The room had become a familiar place to be. It no longer frightened me. It became like his own little flat, he had everything he needed and loved within those four walls.
I’d knock before entering, always bracing myself in case I could spot changes in him that my parents or siblings hadn’t spotted on their earlier visits.
It was the 12th of March when the news came out about all schools closing the very next day due to the Coronavirus. “Must be serious enough so” he stated as I finished reading the emails from my children’s schools. “Aw sh1t “ I sighed, knowing this meant that my eldest son would more than likely not be able to attend his respite center. “Wonder will it last long” he spoke in a soft whisper, a voice which I was now becoming accustomed to. “I hope not”
We played on his computer, took a spin around the grounds and stopped off at the chapel before I left for home.
“See you soon” I gently kissed his forehead. He winced but smiled. Something else I was becoming accustomed too; his everlasting pain.
“Love you” he smiled
“Love you too” I blew a kiss from the door.
She stopped me as I was sterilising my hands.
“You know now with the virus, we are going to have to be stricter on visitors. There are so many of you” she smiled. I nodded, knowing she meant his whole family visiting all the time would probably have to reduce. There were nine of us altogether, so she did have a valid point.
“Will it last long, do you think?” I asked.
“No one knows” she rubbed my arm, “I hope not” she added.
I felt my eyes water. I swallowed hard. I opened my mouth when she smiled sadly at me and knew what I was about to ask.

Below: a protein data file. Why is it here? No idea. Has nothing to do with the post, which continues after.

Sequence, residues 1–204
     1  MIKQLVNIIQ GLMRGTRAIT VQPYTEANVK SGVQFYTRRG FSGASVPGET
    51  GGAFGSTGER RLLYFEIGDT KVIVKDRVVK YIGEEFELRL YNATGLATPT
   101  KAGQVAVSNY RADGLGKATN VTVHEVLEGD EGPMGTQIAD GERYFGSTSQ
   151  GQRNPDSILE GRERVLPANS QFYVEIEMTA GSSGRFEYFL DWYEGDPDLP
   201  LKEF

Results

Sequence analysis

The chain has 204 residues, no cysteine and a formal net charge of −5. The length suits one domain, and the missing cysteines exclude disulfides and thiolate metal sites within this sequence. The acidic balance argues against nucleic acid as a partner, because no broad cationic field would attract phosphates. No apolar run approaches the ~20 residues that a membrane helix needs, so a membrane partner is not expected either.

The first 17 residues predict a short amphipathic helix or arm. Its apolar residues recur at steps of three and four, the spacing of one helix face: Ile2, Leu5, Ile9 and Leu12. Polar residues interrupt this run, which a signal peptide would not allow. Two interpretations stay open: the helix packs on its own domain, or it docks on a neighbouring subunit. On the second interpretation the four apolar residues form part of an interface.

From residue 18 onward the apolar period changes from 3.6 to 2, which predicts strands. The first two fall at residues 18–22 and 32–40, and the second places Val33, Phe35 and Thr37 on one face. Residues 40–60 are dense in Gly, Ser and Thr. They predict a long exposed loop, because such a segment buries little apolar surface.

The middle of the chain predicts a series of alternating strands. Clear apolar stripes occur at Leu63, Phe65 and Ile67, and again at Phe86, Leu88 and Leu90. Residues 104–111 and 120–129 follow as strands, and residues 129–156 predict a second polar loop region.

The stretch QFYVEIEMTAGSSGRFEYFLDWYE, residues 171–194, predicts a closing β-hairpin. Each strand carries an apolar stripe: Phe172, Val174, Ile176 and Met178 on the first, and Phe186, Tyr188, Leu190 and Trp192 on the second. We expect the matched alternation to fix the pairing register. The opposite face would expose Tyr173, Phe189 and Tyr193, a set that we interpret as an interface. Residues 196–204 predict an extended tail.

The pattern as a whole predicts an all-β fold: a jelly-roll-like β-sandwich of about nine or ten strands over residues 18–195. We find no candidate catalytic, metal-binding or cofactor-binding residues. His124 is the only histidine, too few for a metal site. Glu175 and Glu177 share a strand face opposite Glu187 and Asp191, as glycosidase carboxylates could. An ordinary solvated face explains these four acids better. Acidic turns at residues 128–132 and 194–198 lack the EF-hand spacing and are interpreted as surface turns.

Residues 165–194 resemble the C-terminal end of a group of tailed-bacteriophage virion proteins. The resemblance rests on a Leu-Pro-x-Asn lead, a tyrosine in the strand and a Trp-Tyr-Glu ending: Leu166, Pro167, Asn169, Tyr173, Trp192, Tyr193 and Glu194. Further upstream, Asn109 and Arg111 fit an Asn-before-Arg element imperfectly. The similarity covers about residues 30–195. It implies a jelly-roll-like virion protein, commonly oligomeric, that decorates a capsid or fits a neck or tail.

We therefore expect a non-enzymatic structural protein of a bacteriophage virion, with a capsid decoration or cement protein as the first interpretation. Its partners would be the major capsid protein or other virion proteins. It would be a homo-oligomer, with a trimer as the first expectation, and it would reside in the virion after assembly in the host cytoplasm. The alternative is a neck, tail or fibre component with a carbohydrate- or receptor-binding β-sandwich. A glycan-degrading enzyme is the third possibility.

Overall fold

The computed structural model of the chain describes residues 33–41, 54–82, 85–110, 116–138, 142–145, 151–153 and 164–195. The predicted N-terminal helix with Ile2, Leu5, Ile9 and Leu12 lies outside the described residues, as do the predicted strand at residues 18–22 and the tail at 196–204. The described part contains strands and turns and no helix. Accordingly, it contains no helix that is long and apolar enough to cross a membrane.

“He has proved us wrong for the past 4 weeks, let’s just focus on how well he is doing now” she winked.
Ireland went pretty much into Lockdown over the following days.
I visited once more but with restrictions getting stricter and stricter, I decided it was best to ring, FaceTime and text him.
Saturday the 21st of March they rang and asked if all of us could come in as his time was near.
I stood outside fighting for breath before ever pushing the double doors through.
My parents and siblings along with his close friend were sitting around his bedside.
He was asleep.
He wasn’t in any pain.
We played music and told stories.
And we cried some more.
We held him and each other as my brother took his final breath in the early hours of March 22nd, Mother’s Day.
There was no traditional funeral, no wake, no stories told for the first time and no faces to put to the names we had heard so much about.
I've been to my brother's grave twice.
I've not sat with my family.
I've not grieved with my family, we are all apart and will be until this virus leaves our island.
The virus has snatched away the comfort of family and friends during such a devastating time yet; the virus has shown us that people are kind, considerate and that we are indeed a race that thrives on the human touch.
I implore you all to stay at home to protect us all and to let families like ours get together once more so we can say a proper goodbye to our wonderful, beautiful brother.